Why Beef Prices Are About To Get Even Higher
As temperatures dipped to a record minus 25 degrees Fahrenheit, the crew at Dean Wang's ranch in Baker, Mont., increased alfalfa-hay rations to give his cattle more energy during the arctic blast.
"Cattle are requiring more feed in order to just maintain their body temperature, instead of putting that extra energy into gaining weight," said Wang, 46, who has about 850 cows that will calve this spring and 550 young cattle. "This year, everyone started feeding a little earlier than what they would have liked, because of the heavy snow and the cold."
The deep freeze that swept across the U.S. last week, disrupting travel and boosting fuel use, is compounding stress on a shrinking domestic beef industry already struggling with high costs and weather shocks. While crops from oranges to winter wheat avoided major damage, the cold slowed the growth of livestock and extended a rally in Chicago cattle futures to a record, signaling higher beef costs for restaurants including McDonalds and Texas Roadhouse.
The U.S. cattle herd contracted for six straight years to the smallest since 1952, government data show. A record drought in 2011 destroyed pastures in Texas, the top producing state, followed the next year by a surge in feed-grain prices during the worst Midwest dry spell since the 1930s. Fewer cattle will mean production in the $85 billion beef industry drops to a 20-year low in 2014, the U.S. Department of Agriculture said. Read More...
U.S. States Affected By Deadly Pig Virus Now At 20: USDA
(Reuters) - Nebraska has become the latest U.S. state to be hit by a deadly pig virus, bringing the total number of states affected to 20, the U.S. Department of Agriculture said this week.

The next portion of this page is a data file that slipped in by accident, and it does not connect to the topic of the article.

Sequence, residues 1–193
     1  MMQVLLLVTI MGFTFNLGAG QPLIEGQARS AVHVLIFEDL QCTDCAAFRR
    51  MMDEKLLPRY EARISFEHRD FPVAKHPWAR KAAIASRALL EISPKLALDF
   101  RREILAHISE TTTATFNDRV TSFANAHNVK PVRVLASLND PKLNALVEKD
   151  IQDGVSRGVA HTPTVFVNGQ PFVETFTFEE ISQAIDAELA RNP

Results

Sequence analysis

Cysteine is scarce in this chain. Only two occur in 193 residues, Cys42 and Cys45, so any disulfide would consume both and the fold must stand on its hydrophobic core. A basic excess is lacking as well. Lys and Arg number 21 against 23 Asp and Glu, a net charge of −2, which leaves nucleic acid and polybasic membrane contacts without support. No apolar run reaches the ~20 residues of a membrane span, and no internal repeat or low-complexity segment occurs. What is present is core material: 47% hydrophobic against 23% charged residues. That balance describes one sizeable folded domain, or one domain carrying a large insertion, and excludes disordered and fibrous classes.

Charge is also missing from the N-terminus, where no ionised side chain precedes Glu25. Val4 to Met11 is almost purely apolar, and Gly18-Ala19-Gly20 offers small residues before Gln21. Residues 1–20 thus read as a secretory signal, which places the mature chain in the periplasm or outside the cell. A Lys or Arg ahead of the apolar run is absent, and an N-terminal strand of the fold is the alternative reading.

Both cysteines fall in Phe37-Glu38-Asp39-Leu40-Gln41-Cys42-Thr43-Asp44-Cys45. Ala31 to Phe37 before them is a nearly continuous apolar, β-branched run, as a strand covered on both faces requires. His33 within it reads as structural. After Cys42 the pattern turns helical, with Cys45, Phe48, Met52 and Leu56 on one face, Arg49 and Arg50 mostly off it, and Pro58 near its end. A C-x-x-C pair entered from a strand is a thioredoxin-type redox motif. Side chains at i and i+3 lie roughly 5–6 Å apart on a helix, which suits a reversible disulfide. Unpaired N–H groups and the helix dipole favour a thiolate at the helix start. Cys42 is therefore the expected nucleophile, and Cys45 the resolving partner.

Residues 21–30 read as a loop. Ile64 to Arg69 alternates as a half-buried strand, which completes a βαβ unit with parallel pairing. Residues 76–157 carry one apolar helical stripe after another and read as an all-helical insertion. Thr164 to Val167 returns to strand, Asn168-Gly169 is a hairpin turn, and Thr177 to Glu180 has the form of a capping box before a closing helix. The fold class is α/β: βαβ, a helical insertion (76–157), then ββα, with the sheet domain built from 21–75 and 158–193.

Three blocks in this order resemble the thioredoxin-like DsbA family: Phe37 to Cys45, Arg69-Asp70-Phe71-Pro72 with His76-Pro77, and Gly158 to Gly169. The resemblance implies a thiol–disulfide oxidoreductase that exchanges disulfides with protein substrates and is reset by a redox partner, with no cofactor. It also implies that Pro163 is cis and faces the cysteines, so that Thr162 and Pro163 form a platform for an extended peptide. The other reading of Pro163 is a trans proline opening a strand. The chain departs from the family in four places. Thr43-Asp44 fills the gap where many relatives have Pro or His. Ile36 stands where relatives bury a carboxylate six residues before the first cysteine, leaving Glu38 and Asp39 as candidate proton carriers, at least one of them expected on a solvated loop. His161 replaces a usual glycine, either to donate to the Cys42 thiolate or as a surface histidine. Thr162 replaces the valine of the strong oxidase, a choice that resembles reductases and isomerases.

The Porcine Epidemic Diarrhea virus (PEDv) had never been reported in North America until May, when it was discovered in the United States.
The virus has fueled market concerns that U.S. hog supplies will decline steeply next spring and summer.
PEDv causes diarrhea, vomiting and severe dehydration. Hog epidemiologists have found that a large number of very young piglets infected with the virus die.
While the disease has tended not to kill older pigs, mortality among very young pigs infected on U.S. farms is commonly 50 percent, and can be as high as 100 percent, according to veterinarians and scientists studying the outbreak.
To date, more than 1,500 cases, each of which could represent thousands of infected animals, have been reported in 20 states across the Hog Belt. The states include such major pork producers as Iowa, North Carolina, Minnesota and Oklahoma.
As defined by the USDA, each diagnostic case could represent multiple animals at either a single farm site or several locations. The USDA's National Animal Health Laboratory Network released its latest pig virus data on Wednesday. Read More...